4

https://www.ethnicity-facts-figures.service.gov.uk/uk-population-by-ethnicity/demographics/people-livingin-deprivedneighbourhoods/latest?fbclid=IwAR1NYSvvP34lmrNiGmZ6LLEgDOKAJfmLMTiTu0CFioEnel95rsClBUCfJlU#overa ll-most-deprived-10-of-neighbourhoods-by-ethnicity 5

https://www.ons.gov.uk/economy/nationalaccounts/uksectoraccounts/compendium/economicreview/februa ry2020/childpovertyandeducationoutcomesbyethnicity#child-poverty-and-ethnicity 6 https://www.ethnicity-facts-figures.service.gov.uk/culture-and-community/transport/car-or-vanownership/latest#by-ethnicity

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DERBY CITY COUNCIL RESPONSIBILITIES - BLACK LIVES MATTER DERBY Actions required from Derby City Council to ensure that Black Lives Matter. ➢ Provide a Black Lives Matter statement detailing how the Council is addressing issues of injustice, racism, and discrimination in Derby with specific data and actions on employment and housing inequalities, workforce recruitment, retention and pay grade profiles by ethnicity. ➢ Provide a public report on the impact of ‘hostile environment’ policies over the last ten years upon Black people in Derby & Derbyshire including the impact on health due to the use of immigration powers, detentions and deportations and the involvement of any local agencies in Windrush Scandal cases.

➢ Commitment to deliver unconscious bias training for all staff, and tailored leadership schemes and mentoring for Black staff. ➢ Equality & Diversity leads should be appointed via local Black Communities, not by members of an external political party, this will allow the voice of the people to be projected through someone they can identify with and recognise.

➢ Engage with the City of Sanctuary initiative and report on good practice steps to improve the lives of Black Refugees and Asylum Seekers in Derby.

➢ Identify a budget to carry out a local fact-finding and needs assessment to deliver services to address the impact of Covid 19 on local Black communities.

➢ Establish, as part of the Council’s equalities strategy, the publication of findings around racial equality within the organisation with the aim of making it more inclusive, particularly for Black staff.

➢ Commit resources and set targets for education department leaders to ensure implementation of the Black Lives Matter actions for youth services, schools and education providers.

➢ Commit to positive action measures to appoint Black people to senior management positions.

➢ Pledge to tackling the local overrepresentation of Black children in the looked after children population, accounting for 7% of all looked after children7.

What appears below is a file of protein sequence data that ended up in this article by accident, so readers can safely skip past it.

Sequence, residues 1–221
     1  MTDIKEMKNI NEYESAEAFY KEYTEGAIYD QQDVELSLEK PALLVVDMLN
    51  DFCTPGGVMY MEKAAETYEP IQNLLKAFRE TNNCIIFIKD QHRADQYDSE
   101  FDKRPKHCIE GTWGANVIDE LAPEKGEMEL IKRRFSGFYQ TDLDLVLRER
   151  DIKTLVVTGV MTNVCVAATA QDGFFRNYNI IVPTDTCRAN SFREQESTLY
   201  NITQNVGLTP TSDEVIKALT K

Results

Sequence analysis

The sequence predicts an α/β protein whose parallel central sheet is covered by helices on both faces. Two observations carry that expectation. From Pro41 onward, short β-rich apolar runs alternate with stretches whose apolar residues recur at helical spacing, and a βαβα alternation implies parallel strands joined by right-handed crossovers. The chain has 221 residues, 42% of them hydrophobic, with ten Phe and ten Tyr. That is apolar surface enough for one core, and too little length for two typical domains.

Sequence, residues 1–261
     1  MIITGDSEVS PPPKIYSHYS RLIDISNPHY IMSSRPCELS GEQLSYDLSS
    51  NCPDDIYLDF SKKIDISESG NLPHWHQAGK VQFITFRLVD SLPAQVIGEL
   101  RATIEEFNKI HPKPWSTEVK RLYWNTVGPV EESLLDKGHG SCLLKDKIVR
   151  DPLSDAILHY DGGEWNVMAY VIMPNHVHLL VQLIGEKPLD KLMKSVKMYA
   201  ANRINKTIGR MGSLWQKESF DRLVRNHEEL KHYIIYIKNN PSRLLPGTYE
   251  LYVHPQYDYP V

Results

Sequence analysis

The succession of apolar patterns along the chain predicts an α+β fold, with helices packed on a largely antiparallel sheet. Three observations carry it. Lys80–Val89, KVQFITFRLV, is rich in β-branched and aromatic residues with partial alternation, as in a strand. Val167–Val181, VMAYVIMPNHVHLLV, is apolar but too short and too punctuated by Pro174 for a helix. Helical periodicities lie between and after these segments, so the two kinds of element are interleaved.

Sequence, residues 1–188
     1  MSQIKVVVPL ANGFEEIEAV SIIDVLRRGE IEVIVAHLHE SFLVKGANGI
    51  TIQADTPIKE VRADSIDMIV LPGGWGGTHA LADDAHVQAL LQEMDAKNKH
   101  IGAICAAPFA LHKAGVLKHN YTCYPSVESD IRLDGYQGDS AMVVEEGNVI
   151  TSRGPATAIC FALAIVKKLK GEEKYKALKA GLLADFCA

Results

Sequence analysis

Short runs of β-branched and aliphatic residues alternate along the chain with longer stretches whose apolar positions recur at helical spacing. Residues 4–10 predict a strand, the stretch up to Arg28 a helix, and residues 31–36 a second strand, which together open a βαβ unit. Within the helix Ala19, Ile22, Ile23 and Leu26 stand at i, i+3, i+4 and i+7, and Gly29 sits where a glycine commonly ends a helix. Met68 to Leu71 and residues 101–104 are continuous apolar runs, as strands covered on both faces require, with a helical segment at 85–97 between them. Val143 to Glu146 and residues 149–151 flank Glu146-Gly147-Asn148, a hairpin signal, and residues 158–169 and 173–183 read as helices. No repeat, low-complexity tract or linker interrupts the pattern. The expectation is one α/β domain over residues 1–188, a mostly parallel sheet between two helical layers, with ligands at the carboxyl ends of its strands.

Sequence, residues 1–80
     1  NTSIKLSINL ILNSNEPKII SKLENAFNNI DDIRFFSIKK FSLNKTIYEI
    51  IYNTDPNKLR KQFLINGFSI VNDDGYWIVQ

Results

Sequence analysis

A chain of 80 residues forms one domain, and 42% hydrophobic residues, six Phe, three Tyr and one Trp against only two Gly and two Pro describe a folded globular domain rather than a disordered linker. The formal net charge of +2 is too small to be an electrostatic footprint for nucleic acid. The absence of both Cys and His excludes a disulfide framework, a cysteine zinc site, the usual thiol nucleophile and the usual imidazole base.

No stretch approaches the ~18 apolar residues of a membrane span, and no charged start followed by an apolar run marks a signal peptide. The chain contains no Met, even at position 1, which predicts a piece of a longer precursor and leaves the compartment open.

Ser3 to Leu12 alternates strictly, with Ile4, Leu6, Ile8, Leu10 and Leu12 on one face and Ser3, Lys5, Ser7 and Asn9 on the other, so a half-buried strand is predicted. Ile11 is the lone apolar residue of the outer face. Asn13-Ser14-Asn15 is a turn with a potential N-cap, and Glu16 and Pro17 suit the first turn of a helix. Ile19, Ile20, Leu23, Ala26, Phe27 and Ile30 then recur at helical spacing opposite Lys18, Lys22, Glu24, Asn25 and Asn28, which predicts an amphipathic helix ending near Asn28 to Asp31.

➢ Commit to increasing the number of Black foster carers and prospective adopters and commit to placing Black children within Black families.

7

Department for Education - SFR50, 2017

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➢ Conduct an audit of the number of Black applicants awaiting social housing and the average waiting time broken down by ethnic group with a view to providing greater access to housing. ➢ Reduce police involvement in social issues and support diversion of funding to agencies which specialise in mental health, youth work, crime diversion and positive life chances for Black people, helping to tackle over-policing of Black community events and activities. ➢ Review the Youth Mayor recruitment process to remove barriers for Black candidates. ➢ Conduct an audit of the profiles of the voluntary and community sector organisations which have received council funding or support in terms of their ethnic breakdown for staff, trustees and service users and commit to funding and in-kind support for more Black communities’ projects and voluntary organisations.

➢ Identify a Black Lives Matter budget, with a portion to be utilised for the employment of a Cultural Black Lives Matter Adviser with the power to ensure that specialist advice is embedded in policies, procedures and activities; furthermore, the post holder will develop tools, partnerships, multi-agency events, community workshops, education packages, and recommendations to improve the lives of Black people in Derby.

➢ Conduct an audit into all external contractors and procurement procedures to ensure they comply with the Public Sector Equality Duty and give due consideration to the impact on Black communities, and take steps to invest in Black enterprise via the supply chain.

Black Lives Matter Derby

➢ Reinstate and publish meaningful Equality Impact Assessments with input from Black people on all proposed policies and procedures.